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The Syrian refugee crisis is just the beginning of a terrifying new normal
In the next decades, nearly 20 million Bangladeshis will have to find somewhere else to live. Where will they go?
His name was Alan Kurdi. He was three years old. And like so many refugees before him, he sought safety and hope in Europe—only to drown in the Mediterranean.
When his tiny, lifeless body washed ashore on a Turkish beach, it set off a global outcry, while the British broadsheets splashed it across their covers. “EUROPE DIVIDED” proclaimed The Times of London, above a photo of Alan’s corpse being gently cradled by a Turkish officer. The same image rapidly circulated on Twitter, with social media users shocked and aghast. How could something like this happen?
That theme—“Europe divided”—was prominent in EU Commission President Jean-Claude Juncker’s State of the Union speech earlier this week. With almost 500,000 refugees making their way to Europe since the beginning of the year, addressing the crisis requires “a strong effort in European solidarity,” Juncker said. “We need more Europe in our asylum policy. We need more Union in our refugee policy.”
This call for international solidarity in response to the crisis has been heeded, however tepidly, by the global community. While Germany has pledged to house hundreds of thousands of refugees, the United States has agreed to take 10,000 over the next year, a number the International Rescue Committee—a global charity focused on displaced peoples—has criticized, calling it “cold comfort” to victims of the conflict. British Prime Minister David Cameron said his government is prepared to accept that same number over the next four years.
Meanwhile, millions of refugees continue to be corralled like cattle on the Hungarian frontier, on the beaches of Kos in Greece, and in putrid camps in Calais, situated on the French shores of the English Channel.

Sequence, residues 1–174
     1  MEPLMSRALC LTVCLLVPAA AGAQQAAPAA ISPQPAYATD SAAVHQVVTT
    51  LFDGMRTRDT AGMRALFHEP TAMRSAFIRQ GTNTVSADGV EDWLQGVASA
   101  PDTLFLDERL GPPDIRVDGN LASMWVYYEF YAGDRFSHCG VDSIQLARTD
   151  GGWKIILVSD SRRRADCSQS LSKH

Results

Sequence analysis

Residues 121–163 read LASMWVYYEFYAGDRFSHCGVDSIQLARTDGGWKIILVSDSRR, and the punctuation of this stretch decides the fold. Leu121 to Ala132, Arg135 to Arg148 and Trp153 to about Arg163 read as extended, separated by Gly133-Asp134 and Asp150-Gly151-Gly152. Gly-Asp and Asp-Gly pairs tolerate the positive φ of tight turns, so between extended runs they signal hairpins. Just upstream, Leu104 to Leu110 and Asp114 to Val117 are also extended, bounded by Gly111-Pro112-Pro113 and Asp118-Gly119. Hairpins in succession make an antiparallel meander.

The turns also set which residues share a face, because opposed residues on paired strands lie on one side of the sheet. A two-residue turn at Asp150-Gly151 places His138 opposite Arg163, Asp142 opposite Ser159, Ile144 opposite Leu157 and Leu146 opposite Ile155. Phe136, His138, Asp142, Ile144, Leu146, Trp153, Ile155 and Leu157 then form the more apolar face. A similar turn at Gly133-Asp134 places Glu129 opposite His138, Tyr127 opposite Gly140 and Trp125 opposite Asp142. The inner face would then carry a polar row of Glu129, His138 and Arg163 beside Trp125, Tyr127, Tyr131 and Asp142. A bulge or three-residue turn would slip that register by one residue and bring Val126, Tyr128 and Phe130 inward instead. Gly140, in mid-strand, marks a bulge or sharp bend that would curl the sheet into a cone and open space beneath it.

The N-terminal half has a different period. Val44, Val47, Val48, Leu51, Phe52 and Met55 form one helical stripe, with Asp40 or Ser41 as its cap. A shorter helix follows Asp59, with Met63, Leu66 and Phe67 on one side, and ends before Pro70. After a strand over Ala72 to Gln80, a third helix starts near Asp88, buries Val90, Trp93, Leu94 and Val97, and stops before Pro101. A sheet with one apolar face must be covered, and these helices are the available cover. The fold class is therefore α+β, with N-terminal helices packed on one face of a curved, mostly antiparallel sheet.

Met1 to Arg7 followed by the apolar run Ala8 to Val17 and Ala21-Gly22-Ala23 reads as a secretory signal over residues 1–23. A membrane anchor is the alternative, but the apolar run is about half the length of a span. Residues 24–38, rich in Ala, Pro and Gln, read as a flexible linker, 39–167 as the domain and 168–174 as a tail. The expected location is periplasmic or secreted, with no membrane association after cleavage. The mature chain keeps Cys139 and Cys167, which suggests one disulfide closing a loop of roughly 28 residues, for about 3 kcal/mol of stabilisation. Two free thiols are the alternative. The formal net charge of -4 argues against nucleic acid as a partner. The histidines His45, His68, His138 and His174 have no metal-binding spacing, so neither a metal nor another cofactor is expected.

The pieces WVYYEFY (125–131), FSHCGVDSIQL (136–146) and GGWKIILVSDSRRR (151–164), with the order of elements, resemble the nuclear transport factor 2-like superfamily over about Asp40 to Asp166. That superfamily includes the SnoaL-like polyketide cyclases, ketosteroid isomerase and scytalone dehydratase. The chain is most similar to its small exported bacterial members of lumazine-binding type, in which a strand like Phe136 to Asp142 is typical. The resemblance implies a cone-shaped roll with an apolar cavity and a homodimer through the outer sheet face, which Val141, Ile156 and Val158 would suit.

The same image rapidly circulated on Twitter, with social media users shocked and aghast. How could something like this happen?
This is not a tide that can be stemmed. Across the world, the number of displaced people is at an historic high: nearly 60 million in 2014, according to the United Nations. Lebanon and Jordan alone have taken millions of Syrian refugees even as other countries in the region, namely Saudi Arabia, appallingly keep their borders closed. As the head of the UN High Commission on Refugees told the BBC, “the world is a mess.”
There are many reasons for this record number of refugees. War, terrorism, political upheaval, and famine all contribute, sometimes in tandem. But there is one aspect that is routinely overlooked, one that Juncker touched on in his speech: climate change. “Climate change is… one of the root causes of a new migration phenomenon,” he said. “Climate refugees will become a new challenge—if we do not act swiftly.”
Yet there is ample evidence to suggest that climate refugees are already a challenge the world must address. A recent study in the Proceedings of the National Academy of Sciences directly links climate change as a contributing factor to the war in Syria. The study finds that a drought—the worst on record—in the years preceding the conflict has had a “catalytic effect, contributing to political unrest.”
Another study, from the Center for Climate and Security, found that over a million Syrians found themselves food insecure due to the drought—leading to massive forced migration. “That internal displacement may have contributed to the social unrest that precipitated the civil war,” one of the study’s authors, Francesco Femia, earlier this week told Time, “which generated the refugee flows into Europe.” Even President Obama has acknowledged the link, saying earlier this year that “drought and crop failures and high food prices helped fuel the early unrest in Syria.”
The notion that the current refugee crisis is the result of climate change is not universally embraced. Patrick Kingsley, the Guardian’s migration correspondent, told his newspaper that “in all my time interviewing people in the Middle East, no one has ever linked their struggle or flight to climate change,” adding that it is “a bit patronizing to the political movements that focused purely on the political change and fighting political injustice” in Syria.
But those who are saying climate change contributed to the Syrian crisis aren’t saying it’s the primary driving force. They’re simply saying it is part of the broader narrative, one that is overlooked and one that even Kingsley says will become a “driving factor” in future mass displacements.
British Prime Minister David Cameron said his government is prepared to accept that same number over the next four years.